Recurrent and Familial Cases- ANE1
Most cases of ANE are isolated events and do not happen again. However, in some patients, the illness can re-occur and/or it can present itself in other family members. This type of ANE is called ANE1 or Infection-Induced Acute Encephalopathy-3 (IIAE3). It has been linked with mutations in the RANBP2 gene. The mutation of this gene has been detected in 75% of ANE family cases. However, the mutation in this gene is a risk factor in the occurrence of the disease and doesn’t imply that all individuals affected will develop ANE1. Half of them will suffer from ANE1 and half will be asymptomatic carriers. Additional genetic and environmental factors (viral infection) are also required for the disease to develop.
RanBP2 Mutation

It is becoming more common to have ANE patients and their families tested for a gene mutation. It is important to note, however, that even with the gene mutation, not all mutations will result in ANE. The actual trigger has yet to be determined. Probability of recurrence after the first episode, is 50% on trigger activation (ie. Influenza; HSV) and then 25% after a second episode. Note that triggers vary from one patient to the next. Some patients will only have 1 trigger while others will have multiple.

At least three mutations in the RANBP2 gene have been found to increase the risk of developing acute necrotizing encephalopathy type 1 (ANE1). These mutations change single protein building blocks (amino acids) in the gene’s protein resulting in the production of a protein that cannot function properly. The mutations do not cause health issues on their own; it is not clear how they are involved in the process of a viral infection triggering neurological damage.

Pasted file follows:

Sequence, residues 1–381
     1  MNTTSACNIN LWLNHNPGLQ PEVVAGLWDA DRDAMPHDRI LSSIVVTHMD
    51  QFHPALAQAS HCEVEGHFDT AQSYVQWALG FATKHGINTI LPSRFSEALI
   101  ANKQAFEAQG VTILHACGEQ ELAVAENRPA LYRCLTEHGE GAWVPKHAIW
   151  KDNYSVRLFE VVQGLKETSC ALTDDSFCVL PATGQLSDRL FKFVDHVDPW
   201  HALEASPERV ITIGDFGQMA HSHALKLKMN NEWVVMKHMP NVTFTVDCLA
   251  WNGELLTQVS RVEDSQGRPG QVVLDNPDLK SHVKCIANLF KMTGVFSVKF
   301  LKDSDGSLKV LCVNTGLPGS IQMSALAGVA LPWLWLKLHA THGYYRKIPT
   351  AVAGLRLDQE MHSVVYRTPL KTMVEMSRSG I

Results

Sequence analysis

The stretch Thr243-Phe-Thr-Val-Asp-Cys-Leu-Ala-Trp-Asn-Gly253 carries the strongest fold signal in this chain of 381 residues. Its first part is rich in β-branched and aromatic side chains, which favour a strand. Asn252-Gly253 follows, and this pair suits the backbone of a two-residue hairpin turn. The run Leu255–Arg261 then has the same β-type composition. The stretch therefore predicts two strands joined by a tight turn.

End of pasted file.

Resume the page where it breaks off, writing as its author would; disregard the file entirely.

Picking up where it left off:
Further Information At:  https://ghr.nlm.nih.gov/gene/RANBP2#conditions                                                                                  

HLA Genotypes (In Japanese Patients)

Whilst the mutation of the RANBP2 gene has been confirmed to be associated with ANE, the involvement of HLA genotypes has not at this point. However, a recent study confirms the likelihood. ANE has been reported worldwide, but this disease is reported predominantly in children living in East Asian countries. The difference in occurence among various ethnic groups suggests the involvement of host genetic factors in ANE. Using 31 Japanese confirmed ANE patients a study was conducted in Japan and aimed for the first time to investigate genetic background of ANE within this ethnic group. Human leukocyte antigen (HLA) genotypes include HLA class I (HLA-A, -C and -B) and class II (HLA-DR, -DQ and -DP). These molecules play an important role in the immune response. The study focused on HLA genotypes as a predisposing factor to ANE based on the fact that the abnormal innate immune reaction was provoked by a preceding infection. In addition, HLA have been reported to be associated with various diseases susceptibility, such as autoimmune diseases and infectious diseases.